The focal point of the November 1 national ballot, which will undoubtedly come up time and time again in election campaigns and debates, will be the Jewish identity of Israel.
Recently, a random taxi driver told me, "This year I didn't put the Israeli flag on my car on Independence Day because I feel that the state is escaping me, no longer mine, no longer a state of Jews."
A significant share of the Jewish public fears the state's Jewish majority, and thus its Jewish identity, is growing weaker by the day. The elections will be a platform through which this concern is set to be addressed.
Likud leader Benjamin Netanyahu launched his campaign with a video message, saying he intends to maintain the purity of the national identity of the country ... and also lower the cost of living, but added that in most democracies elections aren't won by economic incentives alone.
According to Netanyahu and his advisors, Likud will prevail on the back of the deepening rift between Jewish and Arab Israelis, which ironically widened during the year when the government coalition included an Arab party for the first time in history.
The former prime minister hopes to ride this crusade all the way to the Knesset's throne.
It can be easily understood why Israel's economic situation won't set the tone of the upcoming elections - as worrying as it is.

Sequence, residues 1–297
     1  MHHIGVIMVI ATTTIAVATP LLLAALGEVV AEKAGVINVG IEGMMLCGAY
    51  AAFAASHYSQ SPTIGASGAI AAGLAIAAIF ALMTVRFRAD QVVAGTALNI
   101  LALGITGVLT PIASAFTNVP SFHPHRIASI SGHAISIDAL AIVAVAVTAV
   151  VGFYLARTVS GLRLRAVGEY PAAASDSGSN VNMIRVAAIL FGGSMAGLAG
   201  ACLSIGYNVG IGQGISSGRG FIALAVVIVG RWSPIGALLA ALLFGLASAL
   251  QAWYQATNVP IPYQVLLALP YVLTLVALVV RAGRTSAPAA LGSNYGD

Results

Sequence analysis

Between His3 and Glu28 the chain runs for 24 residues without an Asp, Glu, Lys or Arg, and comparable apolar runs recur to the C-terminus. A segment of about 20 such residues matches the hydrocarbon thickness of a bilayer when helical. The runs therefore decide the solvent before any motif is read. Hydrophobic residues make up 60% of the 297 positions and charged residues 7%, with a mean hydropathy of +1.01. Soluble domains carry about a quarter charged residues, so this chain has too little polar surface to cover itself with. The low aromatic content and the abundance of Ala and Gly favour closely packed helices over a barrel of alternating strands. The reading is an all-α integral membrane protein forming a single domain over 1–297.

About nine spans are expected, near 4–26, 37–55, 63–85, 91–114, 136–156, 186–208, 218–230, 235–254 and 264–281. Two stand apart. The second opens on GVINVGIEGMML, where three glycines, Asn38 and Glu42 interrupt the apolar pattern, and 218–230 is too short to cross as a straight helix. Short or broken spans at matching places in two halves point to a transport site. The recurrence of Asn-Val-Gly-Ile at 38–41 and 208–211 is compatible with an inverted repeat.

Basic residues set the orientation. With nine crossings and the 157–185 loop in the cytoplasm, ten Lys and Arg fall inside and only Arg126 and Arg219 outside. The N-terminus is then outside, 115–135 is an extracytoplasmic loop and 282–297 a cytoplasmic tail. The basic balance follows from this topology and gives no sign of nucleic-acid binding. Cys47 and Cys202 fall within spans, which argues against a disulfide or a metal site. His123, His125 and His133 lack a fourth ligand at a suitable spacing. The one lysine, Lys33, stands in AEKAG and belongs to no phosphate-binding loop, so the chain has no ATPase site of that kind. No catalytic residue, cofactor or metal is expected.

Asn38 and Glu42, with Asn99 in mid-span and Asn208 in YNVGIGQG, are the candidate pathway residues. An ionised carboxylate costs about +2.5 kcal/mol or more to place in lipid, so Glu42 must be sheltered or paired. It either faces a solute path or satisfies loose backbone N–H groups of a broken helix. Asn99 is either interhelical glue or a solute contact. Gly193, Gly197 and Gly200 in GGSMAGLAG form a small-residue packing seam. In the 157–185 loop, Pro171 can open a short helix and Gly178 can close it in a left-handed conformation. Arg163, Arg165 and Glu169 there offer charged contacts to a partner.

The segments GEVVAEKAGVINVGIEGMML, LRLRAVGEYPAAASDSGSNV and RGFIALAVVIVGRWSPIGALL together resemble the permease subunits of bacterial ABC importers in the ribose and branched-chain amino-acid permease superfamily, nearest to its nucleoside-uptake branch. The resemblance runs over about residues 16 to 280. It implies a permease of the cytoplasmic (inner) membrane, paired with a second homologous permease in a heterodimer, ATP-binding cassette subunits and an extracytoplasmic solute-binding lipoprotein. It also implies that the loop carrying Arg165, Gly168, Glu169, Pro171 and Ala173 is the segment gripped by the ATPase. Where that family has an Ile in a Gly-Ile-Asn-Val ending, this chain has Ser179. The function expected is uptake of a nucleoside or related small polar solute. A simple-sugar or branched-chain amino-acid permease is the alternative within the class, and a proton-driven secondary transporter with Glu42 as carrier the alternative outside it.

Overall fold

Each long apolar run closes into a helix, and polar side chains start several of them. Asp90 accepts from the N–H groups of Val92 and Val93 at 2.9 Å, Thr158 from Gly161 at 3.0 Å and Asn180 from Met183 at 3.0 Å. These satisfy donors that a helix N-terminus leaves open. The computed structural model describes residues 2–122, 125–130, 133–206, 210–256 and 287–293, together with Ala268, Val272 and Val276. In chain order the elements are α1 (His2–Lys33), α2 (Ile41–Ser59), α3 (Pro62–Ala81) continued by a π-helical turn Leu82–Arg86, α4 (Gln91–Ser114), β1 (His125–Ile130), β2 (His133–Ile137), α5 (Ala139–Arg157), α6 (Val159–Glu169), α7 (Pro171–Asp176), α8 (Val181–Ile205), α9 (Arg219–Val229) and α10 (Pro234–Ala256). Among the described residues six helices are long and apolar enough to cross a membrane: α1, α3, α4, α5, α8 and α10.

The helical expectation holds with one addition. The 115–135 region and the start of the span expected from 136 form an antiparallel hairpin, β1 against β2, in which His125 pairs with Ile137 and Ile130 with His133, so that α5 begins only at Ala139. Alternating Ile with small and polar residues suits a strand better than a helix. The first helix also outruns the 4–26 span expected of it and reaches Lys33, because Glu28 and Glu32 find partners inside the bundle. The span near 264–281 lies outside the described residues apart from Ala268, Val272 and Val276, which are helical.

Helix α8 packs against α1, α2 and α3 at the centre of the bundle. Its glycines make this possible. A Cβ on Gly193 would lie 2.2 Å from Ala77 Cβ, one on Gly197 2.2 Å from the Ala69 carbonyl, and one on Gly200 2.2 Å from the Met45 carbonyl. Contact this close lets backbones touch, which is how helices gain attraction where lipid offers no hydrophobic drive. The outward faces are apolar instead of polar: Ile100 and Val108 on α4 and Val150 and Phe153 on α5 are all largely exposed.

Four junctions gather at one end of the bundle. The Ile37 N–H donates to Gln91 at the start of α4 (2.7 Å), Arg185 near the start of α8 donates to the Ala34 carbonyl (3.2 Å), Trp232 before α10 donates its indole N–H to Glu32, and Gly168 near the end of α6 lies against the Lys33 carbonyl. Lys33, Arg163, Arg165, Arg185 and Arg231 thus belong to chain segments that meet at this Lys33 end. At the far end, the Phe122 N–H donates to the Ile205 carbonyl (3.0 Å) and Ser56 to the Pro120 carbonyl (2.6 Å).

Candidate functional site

The financial accomplishments and failures of the Israeli economy in 2021-2022 are Netanyahu's responsibility much more than they are of Prime Minister Yair Lapid or his predecessor Naftali Bennett. The strengths and weaknesses of our economy are the outcome of lengthy domestic and global processes, which began long before 2021 when the Bennett coalition was formed.
While the public unrest surrounding astronomic housing prices is indeed the most significant social crisis the next government is facing, and it will find its place in the election campaigns, it doesn't act as an issue that benefits or undermines any political camp. Because essentially - everyone is to blame.
Not one of the governments Israel has had in the past few years can boast to have improved the situation, with the average house price rising by 120% between 2008 to 2021.
However, in the attempt to present their opponents as willing to jeopardize the exclusive Jewish identity for power, the Likud and Netanyahu will face a political persona very different from that of Bennett.
Lapid, who a decade prior established the Yesh Atid party and successfully led it through several elections, has a team of loyal voters from the middle class and is very much worthy of heading an interim Israeli government.
Just from listening to Lapid's speech during the swearing-in ceremony, one could easily have noticed the frequent use of the phrase "the Jewish state". Lapid, as the true centrist, represents "the Jewish state" in the nationalist sense, not the religious one.
The Likud will certainly struggle to present Lapid as one who is willing to sacrifice Israel's identity for power - something they could accuse Bennett of quite easily given the former premier's affiliations with the national-religious Yamina party.
All Lapid has to do from now until the election day is not to mess up, and certainly not on camera. He must not abandon the progress made vis-à-vis the Palestinians, consult with professionals on finding solutions for the housing crisis and proudly stand up for the sectors he so proudly represents.